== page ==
I've seen a few of those documents entirely formatted in bold and/or italics. So, not "plain" text.
Coins in the hat, tomatoes in the face, please!
"The F-35 program has a proven track record of solving issues as they arise, and we're confident we'll continue to do so."
Funny, isn't it? If you throw enough money at most problems, they go seem to go away! From almost start to finish, this "program" has been an exercise in "work richer, not smarter".
You're telling me it's "absurd" for her to sue, and she should "Grow The Fuck Up (tm)". But you're not telling me what she should actually do. What choices does she have other than suing?
I interpreted the GP post a bit differently. I agree that it is absurd that she is suing her parents over this stuff...but that it's not as absurd as her parents not taking them down (or changing the sharing to "Me only"). The whole situation has gone sideways.
Perhaps her parents are considering it on the same level as a scrapbook/album? I only hope that someone explained to them a key difference:
Facebook sharing is like a picture album that you have no problem lending out to any of your friends (or FoF, or member of the public, depending on sharing settings), any time they want it, with no idea what they are going to do with it (including making copies), while still having 100% certainty that it will be returned in perfect condition).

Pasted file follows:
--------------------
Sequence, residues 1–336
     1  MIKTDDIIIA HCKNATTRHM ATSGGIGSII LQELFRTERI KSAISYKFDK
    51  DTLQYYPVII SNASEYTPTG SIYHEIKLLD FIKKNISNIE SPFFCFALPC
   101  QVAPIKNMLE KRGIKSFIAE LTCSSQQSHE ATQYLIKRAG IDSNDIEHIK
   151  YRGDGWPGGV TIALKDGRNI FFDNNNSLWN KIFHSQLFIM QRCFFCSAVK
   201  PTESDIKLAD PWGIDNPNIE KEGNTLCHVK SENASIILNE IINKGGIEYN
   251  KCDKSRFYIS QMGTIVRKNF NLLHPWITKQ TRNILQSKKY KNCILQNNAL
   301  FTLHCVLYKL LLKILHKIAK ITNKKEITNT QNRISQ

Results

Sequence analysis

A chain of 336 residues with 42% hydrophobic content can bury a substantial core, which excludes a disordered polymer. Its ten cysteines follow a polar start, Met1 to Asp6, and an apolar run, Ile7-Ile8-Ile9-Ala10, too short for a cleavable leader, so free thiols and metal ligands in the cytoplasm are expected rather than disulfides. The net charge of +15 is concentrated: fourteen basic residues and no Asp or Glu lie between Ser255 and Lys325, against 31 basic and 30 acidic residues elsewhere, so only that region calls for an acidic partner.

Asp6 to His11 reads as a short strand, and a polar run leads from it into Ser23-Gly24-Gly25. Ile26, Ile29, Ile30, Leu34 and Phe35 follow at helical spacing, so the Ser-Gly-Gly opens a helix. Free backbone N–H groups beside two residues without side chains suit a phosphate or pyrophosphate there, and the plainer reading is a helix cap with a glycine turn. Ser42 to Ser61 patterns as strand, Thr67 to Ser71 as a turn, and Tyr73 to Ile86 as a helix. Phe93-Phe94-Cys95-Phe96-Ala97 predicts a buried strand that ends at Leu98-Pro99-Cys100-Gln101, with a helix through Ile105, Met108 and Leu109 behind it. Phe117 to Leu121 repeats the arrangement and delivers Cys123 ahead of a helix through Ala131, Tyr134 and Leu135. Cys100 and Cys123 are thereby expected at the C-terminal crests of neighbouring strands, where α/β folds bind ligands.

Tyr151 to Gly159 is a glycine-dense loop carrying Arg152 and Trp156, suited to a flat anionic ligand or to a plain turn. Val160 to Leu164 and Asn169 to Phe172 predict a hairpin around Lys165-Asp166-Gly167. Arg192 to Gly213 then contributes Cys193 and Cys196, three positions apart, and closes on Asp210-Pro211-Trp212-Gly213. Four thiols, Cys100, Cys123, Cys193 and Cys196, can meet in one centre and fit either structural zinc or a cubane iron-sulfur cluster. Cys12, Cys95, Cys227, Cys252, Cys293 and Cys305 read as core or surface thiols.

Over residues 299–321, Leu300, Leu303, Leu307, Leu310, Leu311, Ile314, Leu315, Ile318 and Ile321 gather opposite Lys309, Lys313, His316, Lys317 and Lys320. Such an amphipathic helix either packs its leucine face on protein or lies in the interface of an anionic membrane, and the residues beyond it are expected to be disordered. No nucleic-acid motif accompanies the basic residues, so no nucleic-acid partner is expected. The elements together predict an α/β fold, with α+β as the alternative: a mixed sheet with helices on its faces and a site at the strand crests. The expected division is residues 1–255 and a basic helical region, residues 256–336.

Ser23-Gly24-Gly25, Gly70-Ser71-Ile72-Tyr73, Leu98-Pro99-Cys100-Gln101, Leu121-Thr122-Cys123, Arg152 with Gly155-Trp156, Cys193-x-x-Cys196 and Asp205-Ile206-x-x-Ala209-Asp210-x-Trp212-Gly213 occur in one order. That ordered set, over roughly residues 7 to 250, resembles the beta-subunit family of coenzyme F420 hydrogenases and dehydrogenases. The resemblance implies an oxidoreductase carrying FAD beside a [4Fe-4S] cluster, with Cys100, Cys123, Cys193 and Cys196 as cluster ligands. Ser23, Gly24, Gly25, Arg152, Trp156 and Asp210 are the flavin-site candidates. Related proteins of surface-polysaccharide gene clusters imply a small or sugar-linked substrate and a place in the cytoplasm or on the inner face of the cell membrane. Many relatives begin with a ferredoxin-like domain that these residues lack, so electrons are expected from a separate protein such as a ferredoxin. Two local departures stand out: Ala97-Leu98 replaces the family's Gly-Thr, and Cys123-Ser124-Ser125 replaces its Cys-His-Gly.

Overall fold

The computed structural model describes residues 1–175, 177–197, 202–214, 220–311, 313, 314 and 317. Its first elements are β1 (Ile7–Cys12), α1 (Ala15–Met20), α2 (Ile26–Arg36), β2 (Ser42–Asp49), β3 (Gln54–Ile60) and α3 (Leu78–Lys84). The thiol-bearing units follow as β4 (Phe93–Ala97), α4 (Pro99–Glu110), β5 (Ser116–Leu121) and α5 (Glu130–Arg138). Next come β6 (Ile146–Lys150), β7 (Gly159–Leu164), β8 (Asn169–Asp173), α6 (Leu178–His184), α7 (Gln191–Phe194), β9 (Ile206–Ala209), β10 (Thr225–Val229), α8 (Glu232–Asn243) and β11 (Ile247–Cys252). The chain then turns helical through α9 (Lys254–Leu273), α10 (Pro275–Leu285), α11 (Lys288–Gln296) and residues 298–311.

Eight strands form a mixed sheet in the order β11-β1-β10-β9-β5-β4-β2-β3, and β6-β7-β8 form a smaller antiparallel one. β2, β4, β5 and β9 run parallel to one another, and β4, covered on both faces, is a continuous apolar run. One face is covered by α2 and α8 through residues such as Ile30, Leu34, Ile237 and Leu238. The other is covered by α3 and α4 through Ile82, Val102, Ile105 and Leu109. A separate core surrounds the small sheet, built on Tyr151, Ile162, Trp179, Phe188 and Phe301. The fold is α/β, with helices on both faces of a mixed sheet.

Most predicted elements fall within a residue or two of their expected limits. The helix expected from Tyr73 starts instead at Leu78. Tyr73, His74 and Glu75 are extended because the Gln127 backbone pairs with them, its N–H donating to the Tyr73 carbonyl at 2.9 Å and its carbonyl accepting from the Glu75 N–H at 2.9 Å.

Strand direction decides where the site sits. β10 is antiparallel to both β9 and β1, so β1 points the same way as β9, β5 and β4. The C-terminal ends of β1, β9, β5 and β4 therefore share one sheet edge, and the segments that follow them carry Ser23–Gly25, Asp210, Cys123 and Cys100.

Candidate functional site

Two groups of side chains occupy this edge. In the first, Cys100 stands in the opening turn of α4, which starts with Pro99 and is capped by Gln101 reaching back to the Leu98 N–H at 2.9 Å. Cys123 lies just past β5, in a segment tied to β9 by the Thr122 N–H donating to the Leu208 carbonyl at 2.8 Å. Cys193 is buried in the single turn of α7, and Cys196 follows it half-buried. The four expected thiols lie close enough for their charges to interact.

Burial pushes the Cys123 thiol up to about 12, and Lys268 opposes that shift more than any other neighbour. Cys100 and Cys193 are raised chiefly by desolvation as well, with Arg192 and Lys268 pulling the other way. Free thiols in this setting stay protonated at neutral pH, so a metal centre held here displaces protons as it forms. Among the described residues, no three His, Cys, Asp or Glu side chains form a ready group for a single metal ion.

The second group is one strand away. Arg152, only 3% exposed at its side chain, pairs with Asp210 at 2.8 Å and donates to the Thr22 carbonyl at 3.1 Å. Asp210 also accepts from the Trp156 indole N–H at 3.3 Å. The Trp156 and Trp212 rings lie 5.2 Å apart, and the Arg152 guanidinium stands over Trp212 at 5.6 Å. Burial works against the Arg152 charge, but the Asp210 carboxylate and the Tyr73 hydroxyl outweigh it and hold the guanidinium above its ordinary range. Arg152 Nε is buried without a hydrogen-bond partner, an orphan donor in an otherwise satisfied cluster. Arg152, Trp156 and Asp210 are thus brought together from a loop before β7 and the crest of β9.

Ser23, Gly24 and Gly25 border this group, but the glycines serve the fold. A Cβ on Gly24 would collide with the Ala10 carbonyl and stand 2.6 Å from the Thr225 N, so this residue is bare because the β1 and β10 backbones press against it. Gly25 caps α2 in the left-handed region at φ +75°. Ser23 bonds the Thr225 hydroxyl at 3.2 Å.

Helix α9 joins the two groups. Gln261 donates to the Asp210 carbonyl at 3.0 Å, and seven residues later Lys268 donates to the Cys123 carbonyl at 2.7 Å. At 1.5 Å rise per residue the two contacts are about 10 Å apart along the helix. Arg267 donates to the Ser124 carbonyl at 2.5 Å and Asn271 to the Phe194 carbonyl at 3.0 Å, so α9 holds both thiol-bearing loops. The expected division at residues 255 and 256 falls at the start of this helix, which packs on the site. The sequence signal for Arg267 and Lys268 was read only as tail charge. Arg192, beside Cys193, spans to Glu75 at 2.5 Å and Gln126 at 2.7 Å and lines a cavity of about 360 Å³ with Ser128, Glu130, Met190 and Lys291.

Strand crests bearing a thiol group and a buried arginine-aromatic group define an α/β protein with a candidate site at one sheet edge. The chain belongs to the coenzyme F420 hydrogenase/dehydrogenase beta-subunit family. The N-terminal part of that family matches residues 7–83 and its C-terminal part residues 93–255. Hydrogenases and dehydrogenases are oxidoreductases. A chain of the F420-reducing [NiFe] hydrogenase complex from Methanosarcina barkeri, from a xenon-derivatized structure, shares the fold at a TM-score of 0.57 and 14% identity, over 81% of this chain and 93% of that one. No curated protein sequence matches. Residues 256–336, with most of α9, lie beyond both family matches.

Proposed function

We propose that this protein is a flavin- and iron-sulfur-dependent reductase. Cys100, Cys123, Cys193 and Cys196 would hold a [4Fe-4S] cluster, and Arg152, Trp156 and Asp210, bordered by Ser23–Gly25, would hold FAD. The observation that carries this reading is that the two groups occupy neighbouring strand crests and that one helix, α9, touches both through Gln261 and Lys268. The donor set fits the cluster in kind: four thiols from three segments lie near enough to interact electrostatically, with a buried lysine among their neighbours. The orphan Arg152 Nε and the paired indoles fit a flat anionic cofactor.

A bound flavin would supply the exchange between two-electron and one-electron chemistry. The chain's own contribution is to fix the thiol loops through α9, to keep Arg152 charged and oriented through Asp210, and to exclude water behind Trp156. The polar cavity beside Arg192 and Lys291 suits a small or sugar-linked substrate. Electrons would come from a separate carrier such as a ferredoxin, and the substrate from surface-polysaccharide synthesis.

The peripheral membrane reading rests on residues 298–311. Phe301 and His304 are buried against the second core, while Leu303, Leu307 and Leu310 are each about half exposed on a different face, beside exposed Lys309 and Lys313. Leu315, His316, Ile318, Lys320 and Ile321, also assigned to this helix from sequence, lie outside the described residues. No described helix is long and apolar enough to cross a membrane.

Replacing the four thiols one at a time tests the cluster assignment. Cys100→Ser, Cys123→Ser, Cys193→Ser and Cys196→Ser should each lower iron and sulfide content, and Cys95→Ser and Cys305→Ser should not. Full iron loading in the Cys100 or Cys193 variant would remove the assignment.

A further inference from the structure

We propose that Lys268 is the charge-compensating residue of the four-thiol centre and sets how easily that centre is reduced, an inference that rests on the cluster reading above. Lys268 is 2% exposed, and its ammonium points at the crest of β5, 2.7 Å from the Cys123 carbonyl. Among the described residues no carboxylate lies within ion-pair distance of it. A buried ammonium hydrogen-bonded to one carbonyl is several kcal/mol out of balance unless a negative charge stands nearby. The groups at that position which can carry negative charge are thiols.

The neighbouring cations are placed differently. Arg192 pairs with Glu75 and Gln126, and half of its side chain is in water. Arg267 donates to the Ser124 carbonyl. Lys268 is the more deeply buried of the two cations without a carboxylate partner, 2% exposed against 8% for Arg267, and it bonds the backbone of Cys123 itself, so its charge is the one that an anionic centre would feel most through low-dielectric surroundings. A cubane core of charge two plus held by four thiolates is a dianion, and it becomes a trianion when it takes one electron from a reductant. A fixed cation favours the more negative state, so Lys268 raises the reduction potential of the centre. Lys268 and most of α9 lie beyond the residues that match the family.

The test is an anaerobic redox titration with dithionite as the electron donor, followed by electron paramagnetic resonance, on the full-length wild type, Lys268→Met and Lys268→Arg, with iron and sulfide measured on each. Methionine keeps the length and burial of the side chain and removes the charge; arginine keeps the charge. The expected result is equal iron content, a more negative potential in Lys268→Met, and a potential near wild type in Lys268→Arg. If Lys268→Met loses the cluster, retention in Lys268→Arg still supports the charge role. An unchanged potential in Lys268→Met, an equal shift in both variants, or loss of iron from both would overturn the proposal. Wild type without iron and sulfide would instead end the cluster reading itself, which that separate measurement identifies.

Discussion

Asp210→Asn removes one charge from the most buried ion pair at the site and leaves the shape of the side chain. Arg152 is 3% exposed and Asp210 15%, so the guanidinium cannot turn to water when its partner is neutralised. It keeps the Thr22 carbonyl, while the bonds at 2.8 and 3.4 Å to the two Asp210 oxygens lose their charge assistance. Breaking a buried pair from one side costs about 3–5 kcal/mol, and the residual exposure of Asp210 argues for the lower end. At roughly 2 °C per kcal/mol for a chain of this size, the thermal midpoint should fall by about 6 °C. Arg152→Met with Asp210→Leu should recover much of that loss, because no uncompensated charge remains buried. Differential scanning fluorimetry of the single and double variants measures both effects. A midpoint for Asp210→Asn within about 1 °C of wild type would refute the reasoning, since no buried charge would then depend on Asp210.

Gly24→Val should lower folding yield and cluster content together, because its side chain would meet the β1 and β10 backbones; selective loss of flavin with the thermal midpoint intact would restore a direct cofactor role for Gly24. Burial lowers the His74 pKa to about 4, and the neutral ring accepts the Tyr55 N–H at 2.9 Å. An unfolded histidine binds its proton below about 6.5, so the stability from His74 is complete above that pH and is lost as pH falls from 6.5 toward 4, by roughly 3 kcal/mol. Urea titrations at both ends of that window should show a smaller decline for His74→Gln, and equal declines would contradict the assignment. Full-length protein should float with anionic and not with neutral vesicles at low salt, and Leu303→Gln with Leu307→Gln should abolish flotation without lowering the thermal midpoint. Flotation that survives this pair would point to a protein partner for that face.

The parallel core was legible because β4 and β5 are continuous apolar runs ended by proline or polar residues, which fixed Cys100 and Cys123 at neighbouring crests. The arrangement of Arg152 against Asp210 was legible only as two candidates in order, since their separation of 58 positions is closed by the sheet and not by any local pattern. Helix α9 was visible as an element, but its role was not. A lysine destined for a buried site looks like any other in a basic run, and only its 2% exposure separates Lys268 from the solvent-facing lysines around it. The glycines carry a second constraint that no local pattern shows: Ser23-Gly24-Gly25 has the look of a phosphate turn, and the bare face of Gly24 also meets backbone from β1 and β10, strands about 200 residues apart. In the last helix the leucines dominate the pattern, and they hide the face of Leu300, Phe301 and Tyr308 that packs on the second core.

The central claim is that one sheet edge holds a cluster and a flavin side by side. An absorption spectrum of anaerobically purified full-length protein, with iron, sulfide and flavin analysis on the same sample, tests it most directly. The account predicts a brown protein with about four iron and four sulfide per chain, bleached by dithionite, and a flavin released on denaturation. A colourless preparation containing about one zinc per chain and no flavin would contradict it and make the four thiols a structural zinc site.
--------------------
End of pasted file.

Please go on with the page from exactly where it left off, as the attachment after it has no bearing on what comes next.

I won't lie; the idea horrifies me.
One congressional official, who has been briefed recently on the matter, said
I first read this as "bribed". Not sure if that says more about me or my perception of members of the U.S. Congress.
into the same premier league of public corporations as U.S. tech giants Apple, Alphabet, Microsoft, Amazon and Facebook.
In before "How is Google not on that list??"
The Server Application in Windows 10 isn't running inside of a hypervisor; it's "running on the OS, getting all the benefits of performance and system access, as well as expanding the potential attack surface." eWeek reports on a new threat discovered by Alex Ionescu, the chief architect at cybersecurity company Crowdstrike, which begins with the fact that "The Windows file system is also mapped to the Server Application, such that the Server Application will get access to [...] files and directories."
Ionescu says "There are a number of ways that Windows applications could inject code, modify memory and add new threats to the Server Application running on Windows." According to eWeek, "The modified Server Application code in turn could then call Windows APIs and get access to system calls to perform malicious actions that might not be mitigated."
I'll Tell you what else increase your attack surface: Turning the computer on.
Didn't RTFA (naturally!), but the summary fails to convince me that this is more than incrementally worse than running...well...MOST applications that do anything useful on Windows.
Any given program will expand to fill available memory.